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Polishing the golden years

Nancy Abrahamson said the oldest care receiver in the St. Croix County Faith In Action/Interfaith program is 106. The oldest volunteer caregiver is 95.

She said the program keeps about 150 volunteers busy helping about 150 care receivers throughout the county.

Abrahamson, who organizes helpers and services, says more volunteers are needed.

"Anyone can be successful at it," she said. "It just takes heart and sharing."

Faith in Action, interchangeably called Interfaith, helps people 60-plus years of age. Caregivers might stop by with a meal, do some laundry or just call and chat.

Abrahamson sees various people volunteering to help: Professors, retirees, homemakers, students. They all help one or many seniors maintain their independence and often, dignity.

She said volunteers specify what they can do, for how long and at what time of day.

Abrahamson said, "My big message to volunteers is that you can say no."

A county employee working for five years in the Aging and Disability Resource Center, Abrahamson matches volunteers with people who need help. Donations and volunteer power fuel the program except for 12 hours a week of Abrahamson's time for which the county pays.

She says Interfaith is flexible. One man volunteered to do in-home visitation but found he wasn't much of a talker so instead, he switched to driving services.

A widow had put her house up for sale because she could no longer maintain the yard. A volunteer noticed, asked about it, then found more helpers, enabling her to stay in her home.

Abrahamson said some matches work out better than she could hope. She always has the two people speak via telephone first and accompanies the volunteer for their first in-home visit.

One man committed to helping another man in his home. Within minutes, the men figured out they were both prisoners of war from the same era and had lived in the same small part of Ohio.

"It was instant bonding," Abrahamson said.

Volunteers often tell Abrahamson that they get more out of the activities than the care receiver.

Local volunteer shares

Retiree Jane Jeffrey has volunteered for Interfaith for a year. She said her most recent trip involved taking a person home from a day-away program. They laughed all the way.

"I, for the most part, drive people who need to get to therapy, dialysis...," she said, adding that in 2008, she drove 2,800 miles for Interfaith.

"I was shocked!" said Abrahamson. It didn't seem like that many.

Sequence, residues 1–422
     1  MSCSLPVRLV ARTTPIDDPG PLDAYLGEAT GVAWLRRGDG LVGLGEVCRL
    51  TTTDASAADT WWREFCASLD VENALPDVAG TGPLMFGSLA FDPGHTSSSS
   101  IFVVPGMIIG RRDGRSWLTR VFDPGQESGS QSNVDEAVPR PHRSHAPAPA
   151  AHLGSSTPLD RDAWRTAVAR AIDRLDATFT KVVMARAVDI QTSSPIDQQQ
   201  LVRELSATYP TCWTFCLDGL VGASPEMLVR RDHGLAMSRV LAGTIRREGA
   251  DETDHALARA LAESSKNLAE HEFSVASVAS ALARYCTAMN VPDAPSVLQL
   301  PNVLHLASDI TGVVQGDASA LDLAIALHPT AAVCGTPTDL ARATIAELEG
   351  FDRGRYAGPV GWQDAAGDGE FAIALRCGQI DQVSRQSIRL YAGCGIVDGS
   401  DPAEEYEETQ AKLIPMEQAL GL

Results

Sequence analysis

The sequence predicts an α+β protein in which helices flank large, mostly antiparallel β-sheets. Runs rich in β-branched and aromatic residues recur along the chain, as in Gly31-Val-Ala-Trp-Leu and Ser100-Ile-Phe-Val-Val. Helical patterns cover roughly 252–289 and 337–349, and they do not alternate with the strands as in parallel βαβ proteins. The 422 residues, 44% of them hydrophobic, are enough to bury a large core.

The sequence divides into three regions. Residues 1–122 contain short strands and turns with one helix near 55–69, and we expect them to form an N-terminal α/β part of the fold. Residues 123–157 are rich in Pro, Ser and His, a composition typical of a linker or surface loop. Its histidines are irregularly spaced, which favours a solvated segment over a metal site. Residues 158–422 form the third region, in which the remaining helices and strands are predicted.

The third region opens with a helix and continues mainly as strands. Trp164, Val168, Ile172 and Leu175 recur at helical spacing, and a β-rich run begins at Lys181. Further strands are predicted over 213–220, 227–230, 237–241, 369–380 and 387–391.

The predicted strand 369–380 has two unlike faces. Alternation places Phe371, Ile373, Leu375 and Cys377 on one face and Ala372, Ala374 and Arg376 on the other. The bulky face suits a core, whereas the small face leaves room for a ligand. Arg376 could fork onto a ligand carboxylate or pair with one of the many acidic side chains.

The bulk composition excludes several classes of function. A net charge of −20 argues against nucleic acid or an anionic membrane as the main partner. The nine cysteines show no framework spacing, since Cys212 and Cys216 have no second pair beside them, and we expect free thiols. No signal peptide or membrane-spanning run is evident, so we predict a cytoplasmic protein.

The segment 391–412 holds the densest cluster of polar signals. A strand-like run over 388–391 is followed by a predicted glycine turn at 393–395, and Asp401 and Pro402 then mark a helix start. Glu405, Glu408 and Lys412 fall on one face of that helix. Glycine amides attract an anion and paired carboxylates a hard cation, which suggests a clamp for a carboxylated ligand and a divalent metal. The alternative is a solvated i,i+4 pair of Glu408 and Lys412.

Jeffrey said she hasn't met any care receivers she hasn't enjoyed.

Jeffrey goes as far as the Twin Cities, and Woodbury and Stillwater in Minnesota, and as nearby as River Falls. She usually goes out once or twice a week, sometimes filling in for others who can't make it.

The local woman said she's tried many other kinds of volunteer work but this one agrees with her. She enjoys the people and says they have interesting lives and stories.

"It's fun just talking with them...," she said. "I have never, ever not been glad that I drove somebody."

Jeffrey says the work, which she found through a newspaper ad, is fulfilling. People always appreciate what Interfaith volunteers do.

Needs arise

Volunteer activities might be driving someone to doctor appointments or day programs, stopping to check on someone, doing light housework, helping with administrative duties, providing a break for other care givers, shopping for groceries, running errands, calling a person to see how they're doing and monitor health and other needs, giving help with outside chores like mowing and shoveling, and delivering meals.

Abrahamson said, "Sometimes people just need someone to check in and make sure they're doing OK."

The program learns of need from people calling the ADRC, family members calling about the Interfaith program, hospital discharge personnel, former volunteers, current clients, ministers, neighbors and the media.

Abrahamson said the down economy affects need. She's seen a 25% increase in demand for services the past year.

Interfaith gets some support from the United Way. Abrahamson keeps track of volunteer hours so she has solid figures for grant applications.

She said people are often surprised to learn that a volunteer hour is valued at $19.51.

Volunteers gave to Interfaith about $69,000 worth of services in 2008. A 12-member volunteer advisory board runs the organization on an annual budget of $17,000.

She emphasizes that Interfaith is non-denominational but works with several churches. Abrahamson said the 12-year-old Interfaith occasionally collaborates with other counties but mostly serves St. Croix County. Pierce County does not have an Interfaith program.

Abrahamson said fate brought her to this work. Before ADRC, she worked as a discharge planner at a large hospital, a home care program manager and dementia-unit supervisor.

"I've been interested in serving people all my life," she said. "My parents were very good role models for that," adding that she really enjoys working with people in their own home.

She encourages all potential volunteers, donors and care receivers to contact her if they have interest in St. Croix County's Interfaith program: Nancy Abrahamson at 1-800-372-2333 or 381-4360 or

"I think the most difficult thing to me is waiting for volunteers," Abrahamson said.